Segmented Cherry Urns

In Tutorial by jackmanworks@gmail.com

This urn was turned from cherry and purpleheart (finished with tung oil) for my grandfather who just died at the age of 94. He just now started slowing down and just left the world peacefully which was fitting for such a empathetic, persevering, and influential man. He’s one of the hardest working people I was lucky enough to know. For my entire life he has been “retired” and by that I mean he was retired but still worked part time well into his 80s! This is my first ever turned vessel, 135 peaces. My grandmother wanted one too so I made a matching one for her to use in the distant future.

\\\\\ CREDITS & PROJECT SPECIFIC LINK \\\\\
■ Miter Set: http://miterset.myshopify.com/?aff=30

\\\\\ MUSIC \\\\\
■ Shelburne Falls Military Band
■ Adam Yoo – I Won’t Be Here / On My Way Home
https://adamyoomusic.bandcamp.com/
https://soundcloud.com/adamyoo_music

After just a few days you can already see the color coming out in the cherry and purpleheart. Once his ashes were put into the urns, the bottom plug was installed and sealed tight with epoxy. I think my grandmother hid hers away in the closet for now 🙂

Glad the cat lives with us and not my grandmother, these wouldn’t stay on that table for very long!

Photos taken in Shelburne Falls, MA.

Build Details

Materials:
– Cherry lumber
– Purpleheart lumber
Wood glue
Tung oil finish

Notable tools:
Miterset angle setting jig
Fence clamps
Hose clamps
Glue brush & tray
Lathe chuck, Jumbo jaws, #3 jaws, #1 jaws
Scribing compass
F style clamps
Glu-bot glue bottle
Spring clamps
Carbide lathe tools
Double stick tape
Hearing protection
Face shield
Thickness planer
Table saw

I start off with some rough sawn rustic cherry and run it through the planer to thickness it until each face is smooth (down to about 7/8″).

The board is ripped down into strips that are 1.5″ wide on the table saw.

I do the same with some purpleheart for a few accent rings within the urn.

For cutting out the segments I use the miter gauge and set it at the right angle. For this I did 12 segments per ring which works out to 15 degrees, but I used this new jig I got called the miter set which gets your miter gauge to the perfect angle, I love this little thing — check it out here: http://miterset.myshopify.com/

I start by cutting out 12 segments from the cherry for a test ring.

To clamp these together I use a couple of hose clamps. First I dry fit and the segments fit tight so I proceed to cut the rest of them.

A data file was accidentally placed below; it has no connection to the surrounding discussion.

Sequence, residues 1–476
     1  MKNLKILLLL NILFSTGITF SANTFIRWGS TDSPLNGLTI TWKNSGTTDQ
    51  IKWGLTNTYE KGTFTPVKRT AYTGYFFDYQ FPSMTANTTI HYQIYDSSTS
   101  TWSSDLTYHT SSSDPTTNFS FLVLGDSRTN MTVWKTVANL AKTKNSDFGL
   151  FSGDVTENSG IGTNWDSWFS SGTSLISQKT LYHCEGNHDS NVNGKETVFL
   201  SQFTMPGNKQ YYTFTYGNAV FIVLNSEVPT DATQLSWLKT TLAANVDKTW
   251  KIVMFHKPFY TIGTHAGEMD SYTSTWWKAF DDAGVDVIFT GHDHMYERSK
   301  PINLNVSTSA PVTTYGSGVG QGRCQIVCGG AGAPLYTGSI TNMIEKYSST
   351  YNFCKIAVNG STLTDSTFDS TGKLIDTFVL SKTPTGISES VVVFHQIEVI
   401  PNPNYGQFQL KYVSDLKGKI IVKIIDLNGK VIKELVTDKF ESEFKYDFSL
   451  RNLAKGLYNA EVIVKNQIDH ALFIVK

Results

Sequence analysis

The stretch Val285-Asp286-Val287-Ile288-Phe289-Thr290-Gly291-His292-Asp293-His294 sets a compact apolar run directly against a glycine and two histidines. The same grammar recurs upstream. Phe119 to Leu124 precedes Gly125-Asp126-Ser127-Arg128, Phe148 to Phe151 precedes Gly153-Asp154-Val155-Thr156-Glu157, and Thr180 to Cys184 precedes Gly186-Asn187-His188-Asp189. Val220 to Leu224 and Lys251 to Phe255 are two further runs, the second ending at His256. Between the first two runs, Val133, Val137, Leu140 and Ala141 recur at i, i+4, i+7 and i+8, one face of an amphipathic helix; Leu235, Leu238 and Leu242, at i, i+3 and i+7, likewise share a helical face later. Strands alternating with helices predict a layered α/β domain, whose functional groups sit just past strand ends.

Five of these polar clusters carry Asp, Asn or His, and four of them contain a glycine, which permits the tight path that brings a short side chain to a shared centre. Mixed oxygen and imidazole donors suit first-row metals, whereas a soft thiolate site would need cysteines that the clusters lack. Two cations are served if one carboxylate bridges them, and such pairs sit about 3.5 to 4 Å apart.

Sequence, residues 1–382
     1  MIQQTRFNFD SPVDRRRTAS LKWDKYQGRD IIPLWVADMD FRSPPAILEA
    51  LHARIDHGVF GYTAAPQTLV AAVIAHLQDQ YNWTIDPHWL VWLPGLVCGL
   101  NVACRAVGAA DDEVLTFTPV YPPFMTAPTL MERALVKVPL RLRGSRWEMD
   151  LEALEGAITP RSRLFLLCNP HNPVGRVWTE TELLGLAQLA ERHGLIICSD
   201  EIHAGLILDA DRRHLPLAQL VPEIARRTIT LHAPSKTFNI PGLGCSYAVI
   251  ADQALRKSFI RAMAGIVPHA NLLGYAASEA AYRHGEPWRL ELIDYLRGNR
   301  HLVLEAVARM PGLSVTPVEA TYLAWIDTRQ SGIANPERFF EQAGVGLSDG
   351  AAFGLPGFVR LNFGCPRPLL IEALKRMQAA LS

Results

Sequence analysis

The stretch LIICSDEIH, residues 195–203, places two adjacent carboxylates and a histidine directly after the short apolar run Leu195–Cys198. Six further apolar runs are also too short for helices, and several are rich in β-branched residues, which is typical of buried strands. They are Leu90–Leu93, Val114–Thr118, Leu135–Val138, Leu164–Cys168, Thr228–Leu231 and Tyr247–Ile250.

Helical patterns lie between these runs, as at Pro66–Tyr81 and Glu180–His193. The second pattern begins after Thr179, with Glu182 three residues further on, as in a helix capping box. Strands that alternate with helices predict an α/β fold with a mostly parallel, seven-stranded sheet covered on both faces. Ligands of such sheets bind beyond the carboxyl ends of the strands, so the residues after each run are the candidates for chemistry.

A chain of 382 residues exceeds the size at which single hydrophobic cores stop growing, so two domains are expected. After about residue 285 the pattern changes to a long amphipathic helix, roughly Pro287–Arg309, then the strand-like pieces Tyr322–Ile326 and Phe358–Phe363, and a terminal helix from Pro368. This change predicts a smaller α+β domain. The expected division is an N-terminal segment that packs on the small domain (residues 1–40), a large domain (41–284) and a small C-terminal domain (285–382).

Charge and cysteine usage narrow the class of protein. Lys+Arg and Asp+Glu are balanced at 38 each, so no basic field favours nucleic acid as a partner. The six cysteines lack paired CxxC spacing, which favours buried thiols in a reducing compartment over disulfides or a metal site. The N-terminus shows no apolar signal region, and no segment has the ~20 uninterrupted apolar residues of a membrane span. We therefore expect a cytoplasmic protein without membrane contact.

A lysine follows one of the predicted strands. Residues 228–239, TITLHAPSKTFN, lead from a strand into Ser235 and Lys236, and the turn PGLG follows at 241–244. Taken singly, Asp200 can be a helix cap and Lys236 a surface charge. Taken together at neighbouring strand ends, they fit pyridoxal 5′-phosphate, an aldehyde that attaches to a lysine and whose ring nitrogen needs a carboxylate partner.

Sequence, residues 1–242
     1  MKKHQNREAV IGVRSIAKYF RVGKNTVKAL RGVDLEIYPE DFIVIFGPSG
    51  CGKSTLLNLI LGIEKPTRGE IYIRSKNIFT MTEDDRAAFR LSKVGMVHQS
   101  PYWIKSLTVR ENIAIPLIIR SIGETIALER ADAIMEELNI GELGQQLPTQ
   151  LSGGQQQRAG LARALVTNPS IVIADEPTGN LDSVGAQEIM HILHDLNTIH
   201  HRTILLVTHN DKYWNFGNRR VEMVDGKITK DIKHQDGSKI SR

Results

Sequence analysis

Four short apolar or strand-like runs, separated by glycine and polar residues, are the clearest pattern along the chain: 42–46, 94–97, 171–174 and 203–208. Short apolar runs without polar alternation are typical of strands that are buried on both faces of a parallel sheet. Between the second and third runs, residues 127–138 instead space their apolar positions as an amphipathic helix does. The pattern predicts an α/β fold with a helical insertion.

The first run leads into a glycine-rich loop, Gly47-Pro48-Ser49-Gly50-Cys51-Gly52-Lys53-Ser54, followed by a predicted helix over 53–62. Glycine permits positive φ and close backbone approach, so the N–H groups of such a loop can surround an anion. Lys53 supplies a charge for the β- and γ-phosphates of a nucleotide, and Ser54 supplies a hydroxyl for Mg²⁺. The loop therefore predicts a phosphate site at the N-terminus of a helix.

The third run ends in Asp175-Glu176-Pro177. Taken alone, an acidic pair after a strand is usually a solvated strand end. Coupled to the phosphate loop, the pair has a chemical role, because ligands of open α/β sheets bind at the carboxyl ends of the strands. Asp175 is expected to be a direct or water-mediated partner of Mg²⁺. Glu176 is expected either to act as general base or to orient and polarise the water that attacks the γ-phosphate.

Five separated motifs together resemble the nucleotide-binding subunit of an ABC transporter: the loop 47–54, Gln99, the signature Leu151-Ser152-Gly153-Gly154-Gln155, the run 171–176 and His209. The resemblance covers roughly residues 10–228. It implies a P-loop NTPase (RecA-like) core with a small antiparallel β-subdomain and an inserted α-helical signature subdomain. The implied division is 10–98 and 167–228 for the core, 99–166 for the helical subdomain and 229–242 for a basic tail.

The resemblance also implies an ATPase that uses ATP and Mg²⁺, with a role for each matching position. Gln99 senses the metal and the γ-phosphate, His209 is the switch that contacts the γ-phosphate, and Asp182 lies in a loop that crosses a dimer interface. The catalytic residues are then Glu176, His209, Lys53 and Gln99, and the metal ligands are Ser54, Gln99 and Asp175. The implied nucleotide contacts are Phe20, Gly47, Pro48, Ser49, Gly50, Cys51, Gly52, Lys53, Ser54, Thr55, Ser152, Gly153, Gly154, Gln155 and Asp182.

I plan out the length of the segments and cut 12 of them for each ring with a couple of accent rings from the purpleheart.



All of the rings are then glued together. I use a glue brush to apply glue and then clamp them tight by screwing the hose clamps tight then set them to dry for the night.

Once dried, I pull the clamps off the rings and mount them in the lathe to take most of the roughness and glue squeeze out off the rings.

I use a straight edge to make sure the rings are flat while I smooth them out.

Then the surface of the rings are brought down finally using a sanding disk attached to a piece of melamine which keeps it flat.

To cap the urn I’m going to add a plug to the bottom of it using a solid piece of purpleheart with pine on the inside. I use a compass to draw these out and cut them to size on the bandsaw.

The rings are then all ready to be glued together. I apply glue to each ring and then stack them together half of the urn at a time (to help me with the hollowing process later).



Each of these half urns are clamped together with some bar clamps and set to dry for the night.

For the plug I cut out a scrap of pine which will sit inside the bottom of the urn, holding the purpleheart piece in place. These two pieces are glued and clamped together.

Once the 2nd glue-up is dry, I mount the bottom halves in the lathe to shape.

I start by shaping the bottom hole where the plug will fit.

The plug is then shaped down to until it fits inside the bottom of the urn.

Now that I can pin the urn between centers on the lathe I temporarily attach the two halves of each urn together using double sided tape.



The shavings start flying now! The outside is brought down round and to rough shape.

With this cut down to shape I can pop the two halves apart to complete the hollowing process.

Each of the halves is mounted in the lathe and hollowed until I achieve about a 3/4″ wall thickness.

These halves are then sanded smooth to prepare them for the final glue-up.

The 2 halves of the urns are glued and clamped together in the final glue-up.

While that’s set to dry I turn some dowels from purpleheart that I’ll use to plug the center of the top of the urn for decoration and to seal off the center of that ring since the segments don’t quite reach to the center.



I use a forstner bit to bore out the center of this piece.

Then the dowels are glued and hit into place with a hammer, then cut and sanded flush.

I then mount the urns back in the lathe for final shaping by mounting it from the hole in the bottom. The cherry cuts so nice, lots of curlicues flying around!

For a bit more shape and accent to the top I decide to add some rings. I use my calipers to to scrape a bunch of even lines in the top, then trace those with a pencil to better define them.

I use a detail tool to carve out the rings in the top.



Then I sand through the grits down to 220.

Now it’s time for the best part and the reveal! I use tung oil finish to protect these. It brings out the depth of the grain while also adding a slight shine.

After the 1st coat it already looks amazing.

I then flip the urns around in the jaws and fine-tune the shape of the bottom, sand it, and apply finish.

I add a couple more coats of tung oil to bring out the color and the grain even further.